than ordinary mental capacity, he is one of the most courageous and resourceful politicians in the entire country. His energy is boundless. In the art of putting ginger into a campaign he has nothing to learn from any one. For four years, moreover, he has devoted a large part of his undeniable talents to the work of intrenching himself in office. No wonder he hoped to be his own


Yet the whole structure, so carefully planned and builded, blew up in short order, and the reason is not far to seek. Mr. Curley's obvious solicitude for his own welfare recoiled upon himself. A Mayor who aims to be also a boss must, of necessity, pursue to some extent the methods of an autocrat, and the everpresent tendency of autocracy is to precipitate revolt. That is just what happened in Boston. Leaders from his own political party rose in their righteous wrath against Mayor Curley's attempt to dominate in his own personal interest, not only the administration of the city, but the Democratic organization of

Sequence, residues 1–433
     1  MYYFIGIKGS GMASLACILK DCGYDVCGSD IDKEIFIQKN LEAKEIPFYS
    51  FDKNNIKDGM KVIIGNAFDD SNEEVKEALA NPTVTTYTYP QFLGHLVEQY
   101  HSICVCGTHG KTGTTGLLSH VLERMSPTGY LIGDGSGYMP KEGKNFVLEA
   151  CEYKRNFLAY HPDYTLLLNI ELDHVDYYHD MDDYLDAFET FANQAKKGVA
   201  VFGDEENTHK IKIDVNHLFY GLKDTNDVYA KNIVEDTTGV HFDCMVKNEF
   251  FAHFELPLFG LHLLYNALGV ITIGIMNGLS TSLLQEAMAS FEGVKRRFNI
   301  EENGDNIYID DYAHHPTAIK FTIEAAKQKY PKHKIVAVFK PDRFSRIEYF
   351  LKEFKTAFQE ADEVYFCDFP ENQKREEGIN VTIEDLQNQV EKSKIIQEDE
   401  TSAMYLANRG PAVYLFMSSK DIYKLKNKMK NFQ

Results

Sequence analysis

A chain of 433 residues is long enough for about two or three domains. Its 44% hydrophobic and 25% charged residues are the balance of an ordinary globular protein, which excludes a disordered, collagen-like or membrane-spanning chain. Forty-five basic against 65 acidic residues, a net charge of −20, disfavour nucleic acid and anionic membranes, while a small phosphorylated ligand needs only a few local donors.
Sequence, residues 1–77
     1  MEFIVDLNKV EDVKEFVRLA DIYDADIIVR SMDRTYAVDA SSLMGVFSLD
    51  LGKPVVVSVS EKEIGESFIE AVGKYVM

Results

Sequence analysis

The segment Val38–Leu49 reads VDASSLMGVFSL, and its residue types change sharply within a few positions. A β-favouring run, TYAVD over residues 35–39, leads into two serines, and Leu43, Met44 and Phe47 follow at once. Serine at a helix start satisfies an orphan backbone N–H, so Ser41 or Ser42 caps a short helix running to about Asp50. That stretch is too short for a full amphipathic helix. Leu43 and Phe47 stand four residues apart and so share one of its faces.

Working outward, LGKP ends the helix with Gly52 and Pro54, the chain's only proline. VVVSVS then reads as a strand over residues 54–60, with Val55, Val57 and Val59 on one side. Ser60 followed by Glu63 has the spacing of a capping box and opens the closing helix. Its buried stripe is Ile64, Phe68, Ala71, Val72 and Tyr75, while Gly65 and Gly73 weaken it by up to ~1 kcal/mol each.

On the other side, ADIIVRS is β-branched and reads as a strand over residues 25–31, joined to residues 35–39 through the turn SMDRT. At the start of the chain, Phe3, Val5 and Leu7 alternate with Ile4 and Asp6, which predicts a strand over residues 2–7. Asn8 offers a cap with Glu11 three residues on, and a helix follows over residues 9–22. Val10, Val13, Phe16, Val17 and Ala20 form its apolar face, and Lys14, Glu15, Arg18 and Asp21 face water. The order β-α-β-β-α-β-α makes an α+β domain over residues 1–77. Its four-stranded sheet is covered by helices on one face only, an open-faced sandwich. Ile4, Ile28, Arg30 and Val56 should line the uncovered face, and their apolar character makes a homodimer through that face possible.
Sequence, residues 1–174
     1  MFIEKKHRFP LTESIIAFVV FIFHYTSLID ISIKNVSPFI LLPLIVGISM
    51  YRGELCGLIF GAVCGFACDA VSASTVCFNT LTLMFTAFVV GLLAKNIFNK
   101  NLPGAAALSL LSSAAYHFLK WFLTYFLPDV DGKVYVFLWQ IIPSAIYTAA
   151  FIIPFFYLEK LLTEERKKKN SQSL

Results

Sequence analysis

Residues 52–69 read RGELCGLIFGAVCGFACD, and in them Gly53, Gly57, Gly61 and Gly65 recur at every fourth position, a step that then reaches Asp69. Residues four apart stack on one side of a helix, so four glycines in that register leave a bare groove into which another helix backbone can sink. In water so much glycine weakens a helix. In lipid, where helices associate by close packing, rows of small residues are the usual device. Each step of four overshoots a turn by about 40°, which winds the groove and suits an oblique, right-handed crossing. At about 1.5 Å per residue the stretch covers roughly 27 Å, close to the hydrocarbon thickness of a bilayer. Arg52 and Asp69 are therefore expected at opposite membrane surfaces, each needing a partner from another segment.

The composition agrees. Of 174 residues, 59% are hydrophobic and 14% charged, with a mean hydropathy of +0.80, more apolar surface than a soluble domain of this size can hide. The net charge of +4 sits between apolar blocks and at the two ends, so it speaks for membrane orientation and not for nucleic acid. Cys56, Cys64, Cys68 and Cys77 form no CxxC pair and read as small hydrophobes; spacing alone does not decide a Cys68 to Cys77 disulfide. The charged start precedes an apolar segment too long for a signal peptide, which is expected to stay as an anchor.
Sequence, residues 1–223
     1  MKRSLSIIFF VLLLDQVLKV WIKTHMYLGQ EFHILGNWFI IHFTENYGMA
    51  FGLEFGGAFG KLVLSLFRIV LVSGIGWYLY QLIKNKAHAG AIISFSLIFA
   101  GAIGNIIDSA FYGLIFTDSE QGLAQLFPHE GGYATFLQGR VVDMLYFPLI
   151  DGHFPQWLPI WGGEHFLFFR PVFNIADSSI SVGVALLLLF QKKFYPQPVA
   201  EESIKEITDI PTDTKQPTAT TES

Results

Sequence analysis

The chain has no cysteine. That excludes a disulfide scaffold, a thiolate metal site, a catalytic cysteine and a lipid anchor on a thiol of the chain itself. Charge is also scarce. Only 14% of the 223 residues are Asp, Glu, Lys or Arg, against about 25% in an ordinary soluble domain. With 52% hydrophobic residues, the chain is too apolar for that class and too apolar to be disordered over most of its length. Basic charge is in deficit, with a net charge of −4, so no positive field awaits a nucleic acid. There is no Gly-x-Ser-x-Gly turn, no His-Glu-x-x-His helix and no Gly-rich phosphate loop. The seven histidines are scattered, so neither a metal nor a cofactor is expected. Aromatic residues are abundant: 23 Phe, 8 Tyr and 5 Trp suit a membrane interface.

Boston as well.

A few weeks before the election Congressman James A. Gallivan jumped into the arena as an anti-Curley candidate and made it plain that he was in to stay. Friends of the Mayor then made frantic proffers of the olive branch, but it was too late. Mr. Gallivan's personal magnetism, his wide acquaintance, his reputation for rugged integrity, and his picturesque methods of campaigning soon gained for his candidacy a remarkable momentum, and in the end he managed to poll nearly twenty thousand votes, a large part of which came unquestionably from the Curley ranks. When all is said and done, it is to Congressman Gallivan and to his silver-tongued sponsor, ex-Mayor Fitzgerald, that Boston chiefly owes her deliverance from the morals and methods of Tammany.